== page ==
In their iconic commercials, Dos Equis introduced TV viewers to the most interesting man in the world. It’s possible, though, Billy Cannon deserves that title. While his name probably doesn’t ring a bell to most college football fans, he played for LSU in the late 1950s, claiming the Heisman Trophy.
Billy Cannon’s unbelievable life didn’t end there, though. He also played professional football in the AFL and NFL, became the ringleader of a $6 million counterfeiting scheme, and eventually found redemption working as a prison dentist.
Billy Cannon’s impressive football career
If you ask a modern football fan about Billy Cannon, you’ll probably be met with blank stares. During his time on the gridiron, however, the running back proved to be quite the talent.
After an impressive high school career, Cannon headed to LSU to play his college ball. While he didn’t make his varsity debut until his sophomore year, Cannon quickly emerged as a star; he played running back, took the field on defense, returned kicks, and even punted.
During his time with the Tigers, Cannon piled up plenty of silverware. He a two-time All-American and a two-time All-SEC player. He also won the 1959 Heisman Trophy and played a major role in LSU’s 1958 National Championship.
On the back of that success, Cannon signed professional contracts with both the NFL’s LA Rams and the AFL’s Houston Oilers; after a legal dispute, he joined the latter team. While his talent initially shone, injuries eventually affected slowed the running back down. He spent some time with the Raiders, mostly as a tight end, before ending his career with the Kansas City Chiefs.
While his professional production didn’t quite match his NCAA success, Billy Cannon still spent 11 seasons in AFL and NFL. He won three AFL titles, made two Pro Bowls, and piled up over 6,000 yards from scrimmage during his time on the gridiron.
Running a $6 million counterfeiting ring
Billy Cannon spent 11 years as a professional football player; during his offseasons, he earned a dental degree and set up his own practice in retirement. While those dual realities make it seem like he’d never be wanting for money, that wasn’t the case.
In reality, things were far from perfect. As a Washington Post obituary explained, Cannon “was reportedly in financial trouble from gambling debts and bad investments [and] had been in dozens of lawsuits, most over unpaid bills.” Something had to give.
In a shocking twist, the former Heisman Trophy winner turned to counterfeiting.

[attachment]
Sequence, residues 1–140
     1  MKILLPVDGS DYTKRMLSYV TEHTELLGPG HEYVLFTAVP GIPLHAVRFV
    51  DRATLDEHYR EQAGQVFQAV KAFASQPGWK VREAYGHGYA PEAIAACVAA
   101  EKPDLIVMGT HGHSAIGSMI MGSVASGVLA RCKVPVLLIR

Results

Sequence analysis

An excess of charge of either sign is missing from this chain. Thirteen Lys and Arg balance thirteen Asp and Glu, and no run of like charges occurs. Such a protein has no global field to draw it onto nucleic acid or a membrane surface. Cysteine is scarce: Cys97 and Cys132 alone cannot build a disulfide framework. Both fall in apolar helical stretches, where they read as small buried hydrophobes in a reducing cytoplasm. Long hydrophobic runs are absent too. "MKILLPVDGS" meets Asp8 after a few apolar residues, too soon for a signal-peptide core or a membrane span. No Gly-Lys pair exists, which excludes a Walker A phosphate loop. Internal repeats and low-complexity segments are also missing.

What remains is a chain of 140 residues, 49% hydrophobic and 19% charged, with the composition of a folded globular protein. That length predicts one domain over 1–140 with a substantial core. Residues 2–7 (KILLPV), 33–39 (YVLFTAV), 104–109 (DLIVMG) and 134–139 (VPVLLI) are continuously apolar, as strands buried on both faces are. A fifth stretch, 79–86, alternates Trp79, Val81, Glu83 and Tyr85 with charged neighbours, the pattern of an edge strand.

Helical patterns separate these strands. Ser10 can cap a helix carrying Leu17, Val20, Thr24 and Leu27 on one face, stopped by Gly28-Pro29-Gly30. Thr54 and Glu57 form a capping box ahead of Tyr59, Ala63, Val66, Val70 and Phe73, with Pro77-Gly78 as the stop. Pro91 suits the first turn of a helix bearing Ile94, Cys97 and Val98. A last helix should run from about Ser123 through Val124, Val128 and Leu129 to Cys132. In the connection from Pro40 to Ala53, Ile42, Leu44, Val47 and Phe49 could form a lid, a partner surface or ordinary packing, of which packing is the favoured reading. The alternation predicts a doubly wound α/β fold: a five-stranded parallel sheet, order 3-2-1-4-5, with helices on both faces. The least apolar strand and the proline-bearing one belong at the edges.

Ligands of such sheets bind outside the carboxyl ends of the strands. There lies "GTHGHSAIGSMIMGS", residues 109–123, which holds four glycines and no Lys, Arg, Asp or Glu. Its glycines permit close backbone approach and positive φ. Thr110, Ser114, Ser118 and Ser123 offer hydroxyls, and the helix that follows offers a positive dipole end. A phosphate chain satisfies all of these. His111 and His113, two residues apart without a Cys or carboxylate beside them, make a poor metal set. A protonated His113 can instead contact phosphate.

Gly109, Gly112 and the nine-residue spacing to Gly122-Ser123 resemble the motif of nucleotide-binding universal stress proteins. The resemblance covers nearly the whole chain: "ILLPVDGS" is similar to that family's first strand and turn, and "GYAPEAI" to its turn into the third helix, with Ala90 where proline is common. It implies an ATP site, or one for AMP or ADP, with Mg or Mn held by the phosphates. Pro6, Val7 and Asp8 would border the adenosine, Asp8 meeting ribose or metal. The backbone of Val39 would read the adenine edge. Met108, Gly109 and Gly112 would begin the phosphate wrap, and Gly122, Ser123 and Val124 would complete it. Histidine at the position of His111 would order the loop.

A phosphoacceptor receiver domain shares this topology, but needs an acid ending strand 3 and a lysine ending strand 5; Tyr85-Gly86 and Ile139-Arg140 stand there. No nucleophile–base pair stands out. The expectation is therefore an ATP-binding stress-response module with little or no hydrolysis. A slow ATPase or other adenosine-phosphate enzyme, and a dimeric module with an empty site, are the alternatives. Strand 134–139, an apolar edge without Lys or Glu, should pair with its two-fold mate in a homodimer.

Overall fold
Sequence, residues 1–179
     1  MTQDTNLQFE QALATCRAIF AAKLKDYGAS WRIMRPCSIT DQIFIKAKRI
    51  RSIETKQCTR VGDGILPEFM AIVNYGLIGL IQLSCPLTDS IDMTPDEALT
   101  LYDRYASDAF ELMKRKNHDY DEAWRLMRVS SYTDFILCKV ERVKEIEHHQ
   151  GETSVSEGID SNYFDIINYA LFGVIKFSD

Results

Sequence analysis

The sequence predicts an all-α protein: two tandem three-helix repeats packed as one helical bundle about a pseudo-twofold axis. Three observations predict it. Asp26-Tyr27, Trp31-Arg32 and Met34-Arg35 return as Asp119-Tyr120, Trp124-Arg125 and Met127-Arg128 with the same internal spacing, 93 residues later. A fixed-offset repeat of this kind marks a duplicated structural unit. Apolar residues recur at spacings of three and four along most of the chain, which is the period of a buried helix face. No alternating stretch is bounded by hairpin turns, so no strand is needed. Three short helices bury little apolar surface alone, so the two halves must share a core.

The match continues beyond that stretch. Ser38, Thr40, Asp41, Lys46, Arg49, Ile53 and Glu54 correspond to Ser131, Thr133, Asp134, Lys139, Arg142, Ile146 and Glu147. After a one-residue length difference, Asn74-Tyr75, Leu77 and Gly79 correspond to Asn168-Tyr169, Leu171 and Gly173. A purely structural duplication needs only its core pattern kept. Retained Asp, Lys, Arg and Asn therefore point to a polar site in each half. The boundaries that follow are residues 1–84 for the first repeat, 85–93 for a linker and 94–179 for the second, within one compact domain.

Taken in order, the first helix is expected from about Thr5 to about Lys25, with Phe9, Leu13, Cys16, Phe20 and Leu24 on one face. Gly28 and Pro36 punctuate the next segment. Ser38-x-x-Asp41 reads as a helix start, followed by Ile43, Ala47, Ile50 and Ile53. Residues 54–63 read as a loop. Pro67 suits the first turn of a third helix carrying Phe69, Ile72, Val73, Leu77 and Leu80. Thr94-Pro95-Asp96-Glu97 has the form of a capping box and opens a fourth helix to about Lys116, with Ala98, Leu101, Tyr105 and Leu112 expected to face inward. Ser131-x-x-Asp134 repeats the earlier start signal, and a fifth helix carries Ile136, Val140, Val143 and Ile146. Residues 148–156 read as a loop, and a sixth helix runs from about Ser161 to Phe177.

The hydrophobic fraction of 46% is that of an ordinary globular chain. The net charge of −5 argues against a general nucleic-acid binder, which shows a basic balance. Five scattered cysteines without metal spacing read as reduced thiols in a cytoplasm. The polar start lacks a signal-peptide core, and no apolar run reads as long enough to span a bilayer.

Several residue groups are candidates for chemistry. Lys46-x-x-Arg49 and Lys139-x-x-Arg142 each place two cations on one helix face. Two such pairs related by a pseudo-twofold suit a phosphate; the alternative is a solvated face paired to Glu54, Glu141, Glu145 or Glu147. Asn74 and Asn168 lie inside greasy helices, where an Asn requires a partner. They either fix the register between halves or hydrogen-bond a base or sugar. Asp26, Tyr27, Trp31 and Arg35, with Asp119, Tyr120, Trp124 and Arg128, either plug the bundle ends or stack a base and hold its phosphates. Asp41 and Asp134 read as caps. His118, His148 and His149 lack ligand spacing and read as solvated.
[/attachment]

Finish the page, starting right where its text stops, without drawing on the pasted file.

“On July 9, 1983, after a lengthy surveillance, the U.S. Secret Service knocked on Dr. Billy Cannon’s door, and suddenly nothing seemed too easy anymore,” an ESPN Outside the Lines story by Wright Thompson recounted. “The dark news spread all over the state. Cannon, hero of Halloween night, favorite of children all over Louisiana, had been arrested for counterfeiting. He and a gang of friends turned amateurish crooks manufactured more than $6 million in $100 bills. They’d passed several hundred thousand into circulation, and Cannon buried the rest of the fake money in Igloo coolers. It was the seventh-largest counterfeiting scheme in U.S. history. Prosecutors called Cannon the ringleader.”
Billy Cannon did his time and found redemption as a prison dentist
Billy Cannon was sentenced to five years in prison and, thanks to good behavior, returned home in less than three years. His story, however, didn’t end there.
Cannon attempted to return to dentistry but understandably struggled to find new patients. Seemingly out of options, he returned to prison; this time, he headed to the Louisiana State Penitentiary as a dentist.
Cannon threw himself into his work, organizing the dental practice and taking the pride in the care he gave his new patients; his work was so impressive that he was tasked with reorganizing the entire prison’s medical system. He did just that, then went back to dentistry.
“The man cares,” warden Brul Cain said in Wright Tompson’s story. “The inmates love him, and because they love him, he cares more and won’t dare let ’em down.”
On the back of that success, Cannon remerged into the public eye. The College Football Hall of Fame reinstated him; he was also welcomed back at LSU with open arms.
Billy Cannon died in May 2018 at age 80.